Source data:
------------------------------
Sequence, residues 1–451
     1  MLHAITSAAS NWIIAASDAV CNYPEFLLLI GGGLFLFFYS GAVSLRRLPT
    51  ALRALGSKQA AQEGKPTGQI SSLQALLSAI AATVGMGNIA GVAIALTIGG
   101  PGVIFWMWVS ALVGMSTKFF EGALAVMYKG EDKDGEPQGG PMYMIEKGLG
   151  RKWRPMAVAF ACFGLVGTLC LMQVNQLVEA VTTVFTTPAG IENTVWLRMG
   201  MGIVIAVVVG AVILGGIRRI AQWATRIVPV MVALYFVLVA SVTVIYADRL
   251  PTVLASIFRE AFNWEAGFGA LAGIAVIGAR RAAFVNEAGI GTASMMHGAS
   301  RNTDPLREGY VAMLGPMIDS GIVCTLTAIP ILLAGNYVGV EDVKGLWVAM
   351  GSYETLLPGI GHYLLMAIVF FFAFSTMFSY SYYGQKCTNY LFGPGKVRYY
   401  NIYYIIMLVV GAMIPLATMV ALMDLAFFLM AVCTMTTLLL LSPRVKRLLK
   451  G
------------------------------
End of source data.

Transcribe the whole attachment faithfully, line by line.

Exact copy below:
Sequence, residues 1–451
     1  MLHAITSAAS NWIIAASDAV CNYPEFLLLI GGGLFLFFYS GAVSLRRLPT
    51  ALRALGSKQA AQEGKPTGQI SSLQALLSAI AATVGMGNIA GVAIALTIGG
   101  PGVIFWMWVS ALVGMSTKFF EGALAVMYKG EDKDGEPQGG PMYMIEKGLG
   151  RKWRPMAVAF ACFGLVGTLC LMQVNQLVEA VTTVFTTPAG IENTVWLRMG
   201  MGIVIAVVVG AVILGGIRRI AQWATRIVPV MVALYFVLVA SVTVIYADRL
   251  PTVLASIFRE AFNWEAGFGA LAGIAVIGAR RAAFVNEAGI GTASMMHGAS
   301  RNTDPLREGY VAMLGPMIDS GIVCTLTAIP ILLAGNYVGV EDVKGLWVAM
   351  GSYETLLPGI GHYLLMAIVF FFAFSTMFSY SYYGQKCTNY LFGPGKVRYY
   401  NIYYIIMLVV GAMIPLATMV ALMDLAFFLM AVCTMTTLLL LSPRVKRLLK
   451  G